Call'd Katherina, fair and virtuous?
Baptista Minola. I have a daughter, sir, call'd Katherina.
Petruchio. I am a gentleman of Verona, sir,
That, hearing of her beauty and her wit,
Her affability and bashful modesty,
Her wondrous qualities and mild behaviour,
Am bold to show myself a forward guest
Within your house, to make mine eye the witness
Of that report which I so oft have heard.
Baptista Minola. Y'are welcome, sir, and he for your good sake;
But for my daughter Katherine, this I know,
She is not for your turn, the more my grief.
Petruchio. I see you do not mean to part with her;
Or else you like not of my company.
(2.1.883-885, 889-894, 903-905)
Have you been keeping up with reading The Taming of the Shrew? One of Shakespeare's most famous comedies, this rough-and tumble battle of the sexes, where the determined and bossy Petruchio marries the crabby and quick-tempered Kate, always gets an audience to sit up and take notice. But in this post, I'm going to concentrate on someone that I feel is kind of an overlooked character - Katherine's father, Baptista.
As I mentioned previously, Katherine has a really bad reputation among the gallants of Padua. Tough for her that she's way smarter and more witty than any of the guys in her hometown. From what we see and hear of her behavior, it seems clear that she's a young woman with a flash-quick temper and a razor wit who does not suffer fools - or mistreatment - gladly.
But what does Katherine have to be so angry about? I think most of the guys in the play - with the exception of Petruchio - completely miss the point of Katherine's anger and point at her as the problem. But I believe that if you've got dead fish in a river, you'll be wasting your time trying to perform CPR on the fish. Look upstream for the problem and find out what is poisoning them! Which leads us directly to the villain of the piece -
(Baptista Minola is the grumpy, mean-looking guy in the middle)
Baptista, from the productions that I have seen, is usually portrayed as an ill-used, bewildered father who simply can't understand why he has such a bad-tempered daughter. He's so put upon! He'd be so grateful to anyone who would take her off his hands! "Was ever gentleman thus griev'd as I? "(2.1.877). Boo hoo!! Well, I for one do not feel sorry for him. Let's take a look at what Baptista actually says and does, shall we?
We first meet him parading Katherine and Bianca around in the public square, loudly proclaiming his determination that no one will be allowed to wed his daughter Bianca until Katherine, the older sister, is married. Although many directors seem to have interpreted this as Baptista offering an incentive for Bianca's lovers to help him find a husband for Katherine - which is in fact what Hortensio ends up doing - I believe that Baptista had a very different motivation. He thought that he was insuring that neither daughter would ever marry.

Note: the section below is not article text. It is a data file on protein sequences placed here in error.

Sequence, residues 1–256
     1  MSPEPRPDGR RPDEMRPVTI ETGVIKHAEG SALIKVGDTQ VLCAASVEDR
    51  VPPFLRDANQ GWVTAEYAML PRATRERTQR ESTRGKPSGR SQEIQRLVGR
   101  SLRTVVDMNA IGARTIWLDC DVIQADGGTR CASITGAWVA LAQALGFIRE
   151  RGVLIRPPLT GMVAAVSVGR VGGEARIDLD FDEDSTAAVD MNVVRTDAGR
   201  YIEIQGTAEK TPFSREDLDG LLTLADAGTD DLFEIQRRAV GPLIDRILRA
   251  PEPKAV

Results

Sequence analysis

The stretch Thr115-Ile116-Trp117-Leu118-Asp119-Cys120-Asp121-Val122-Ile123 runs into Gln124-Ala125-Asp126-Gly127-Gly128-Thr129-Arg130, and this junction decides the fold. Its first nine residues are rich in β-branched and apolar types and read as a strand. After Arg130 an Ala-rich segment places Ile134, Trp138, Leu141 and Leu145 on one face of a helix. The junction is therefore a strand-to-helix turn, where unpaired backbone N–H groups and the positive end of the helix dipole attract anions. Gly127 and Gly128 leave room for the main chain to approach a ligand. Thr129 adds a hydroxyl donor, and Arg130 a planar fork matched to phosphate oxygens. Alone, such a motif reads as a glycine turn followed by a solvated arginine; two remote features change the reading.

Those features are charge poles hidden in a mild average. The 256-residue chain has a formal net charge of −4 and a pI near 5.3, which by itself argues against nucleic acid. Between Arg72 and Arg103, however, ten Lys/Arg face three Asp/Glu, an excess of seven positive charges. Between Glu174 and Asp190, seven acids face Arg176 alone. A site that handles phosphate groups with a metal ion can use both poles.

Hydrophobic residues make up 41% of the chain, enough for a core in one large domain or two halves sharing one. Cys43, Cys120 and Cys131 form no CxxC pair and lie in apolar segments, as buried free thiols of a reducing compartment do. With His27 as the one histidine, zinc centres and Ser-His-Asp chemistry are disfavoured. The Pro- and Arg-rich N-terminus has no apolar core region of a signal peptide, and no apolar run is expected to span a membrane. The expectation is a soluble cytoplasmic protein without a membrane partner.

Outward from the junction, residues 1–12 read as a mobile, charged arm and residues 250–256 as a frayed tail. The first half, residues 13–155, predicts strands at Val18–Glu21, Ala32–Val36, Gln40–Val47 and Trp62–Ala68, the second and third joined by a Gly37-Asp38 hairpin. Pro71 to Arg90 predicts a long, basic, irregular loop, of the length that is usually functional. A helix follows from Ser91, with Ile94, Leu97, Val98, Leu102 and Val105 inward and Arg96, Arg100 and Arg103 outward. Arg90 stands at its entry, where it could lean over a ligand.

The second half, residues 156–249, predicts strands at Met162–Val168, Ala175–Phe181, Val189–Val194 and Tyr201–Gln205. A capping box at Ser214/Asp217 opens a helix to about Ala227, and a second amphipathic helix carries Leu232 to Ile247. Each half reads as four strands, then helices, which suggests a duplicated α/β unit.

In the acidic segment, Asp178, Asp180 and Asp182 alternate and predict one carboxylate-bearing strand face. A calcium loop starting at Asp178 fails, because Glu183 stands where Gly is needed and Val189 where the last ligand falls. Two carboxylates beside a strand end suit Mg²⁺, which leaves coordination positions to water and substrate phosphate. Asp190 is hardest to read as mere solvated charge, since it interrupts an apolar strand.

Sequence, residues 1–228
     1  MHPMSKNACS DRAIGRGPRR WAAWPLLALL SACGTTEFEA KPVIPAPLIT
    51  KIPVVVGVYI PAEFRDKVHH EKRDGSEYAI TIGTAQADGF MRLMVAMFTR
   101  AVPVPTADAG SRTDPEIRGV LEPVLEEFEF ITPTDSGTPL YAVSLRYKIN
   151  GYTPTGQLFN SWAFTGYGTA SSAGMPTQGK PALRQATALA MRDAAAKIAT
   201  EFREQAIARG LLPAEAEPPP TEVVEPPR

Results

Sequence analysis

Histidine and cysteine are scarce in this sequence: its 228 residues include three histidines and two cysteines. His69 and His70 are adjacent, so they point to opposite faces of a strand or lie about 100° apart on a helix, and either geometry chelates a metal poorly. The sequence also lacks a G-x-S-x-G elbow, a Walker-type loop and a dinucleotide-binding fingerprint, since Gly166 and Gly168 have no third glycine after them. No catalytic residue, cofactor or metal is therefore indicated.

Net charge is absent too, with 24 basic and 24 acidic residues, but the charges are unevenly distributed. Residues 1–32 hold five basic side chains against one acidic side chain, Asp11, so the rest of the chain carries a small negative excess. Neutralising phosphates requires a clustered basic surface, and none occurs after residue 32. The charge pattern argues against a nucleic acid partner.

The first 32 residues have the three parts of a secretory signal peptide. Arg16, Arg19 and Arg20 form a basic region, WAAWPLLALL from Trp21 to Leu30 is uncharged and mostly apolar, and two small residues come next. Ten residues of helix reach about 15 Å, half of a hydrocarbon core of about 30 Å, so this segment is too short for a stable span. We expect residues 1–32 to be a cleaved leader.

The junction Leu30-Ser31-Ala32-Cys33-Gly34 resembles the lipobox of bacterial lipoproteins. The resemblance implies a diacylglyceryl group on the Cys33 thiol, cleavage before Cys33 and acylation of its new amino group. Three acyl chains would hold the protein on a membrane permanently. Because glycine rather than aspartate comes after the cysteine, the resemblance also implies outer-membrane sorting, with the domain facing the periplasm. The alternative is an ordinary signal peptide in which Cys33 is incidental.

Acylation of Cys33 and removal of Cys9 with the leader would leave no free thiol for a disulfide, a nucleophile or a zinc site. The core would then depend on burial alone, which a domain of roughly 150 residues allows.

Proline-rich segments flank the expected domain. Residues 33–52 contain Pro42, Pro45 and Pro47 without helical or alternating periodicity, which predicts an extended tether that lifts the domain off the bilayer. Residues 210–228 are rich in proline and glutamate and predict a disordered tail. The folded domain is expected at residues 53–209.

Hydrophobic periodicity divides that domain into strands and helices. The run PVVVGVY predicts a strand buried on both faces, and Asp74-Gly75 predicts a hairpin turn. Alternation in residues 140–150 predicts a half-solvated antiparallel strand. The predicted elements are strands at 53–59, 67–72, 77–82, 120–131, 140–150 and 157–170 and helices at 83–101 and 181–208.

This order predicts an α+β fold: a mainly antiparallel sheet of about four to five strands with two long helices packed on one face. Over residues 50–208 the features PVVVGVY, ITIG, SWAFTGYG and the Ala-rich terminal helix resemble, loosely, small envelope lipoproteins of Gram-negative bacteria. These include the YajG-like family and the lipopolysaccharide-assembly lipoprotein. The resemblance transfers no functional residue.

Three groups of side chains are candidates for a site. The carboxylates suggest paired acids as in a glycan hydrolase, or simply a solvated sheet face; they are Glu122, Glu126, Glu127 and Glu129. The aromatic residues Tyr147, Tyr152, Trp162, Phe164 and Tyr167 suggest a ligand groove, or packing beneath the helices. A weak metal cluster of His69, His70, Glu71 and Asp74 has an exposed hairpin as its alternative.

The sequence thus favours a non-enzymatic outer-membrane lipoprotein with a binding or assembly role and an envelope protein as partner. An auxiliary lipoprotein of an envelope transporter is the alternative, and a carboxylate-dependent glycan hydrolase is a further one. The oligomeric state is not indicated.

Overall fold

This certainly seems to be the way both Hortensio and Gremio interpret the news - Hortensio tells his friend Petruchio that, essentially, Baptista has both the girls locked up in a "keep" and that Baptista doesn't think anyone will ever want to marry Katherine. Katherine doesn't marry, then Bianca doesn't marry. Game, set and match to Baptista! Here's the relevant passage:
Hortensio. Tarry, Petruchio, I must go with thee,
For in Baptista's keep my treasure is.
He hath the jewel of my life in hold,
His youngest daughter, beautiful Bianca;
And her withholds from me, and other more,
Suitors to her and rivals in my love;
Supposing it a thing impossible-
For those defects I have before rehears'd-
That ever Katherina will be woo'd.
Therefore this order hath Baptista ta'en,
That none shall have access unto Bianca
Till Katherine the curst have got a husband.
(1.2.663-674, emphasis added)
Gremio compares the idea that anyone would be able to handle being married to Katherine to the "impossible tasks" that we might be familiar with from fairy tales, myths and legends - only a hero, half-god, like Hercules could possibly have a chance!
Gremio. Yea, leave that labour to great Hercules,
And let it be more than Alcides' twelve.
(Hercules and the Hydra)
SO - Baptista thinks he's got a sure thing that no one will ever court Katherine. No one ever has wanted to. Hortensio and Gremio rack their brains and can't think of any single guy they know who would be interested. No one wants to marry Katherine because of her awful reputation: as Hortensio observes, she is "Renown'd in Padua for her scolding tongue" (1.2.648).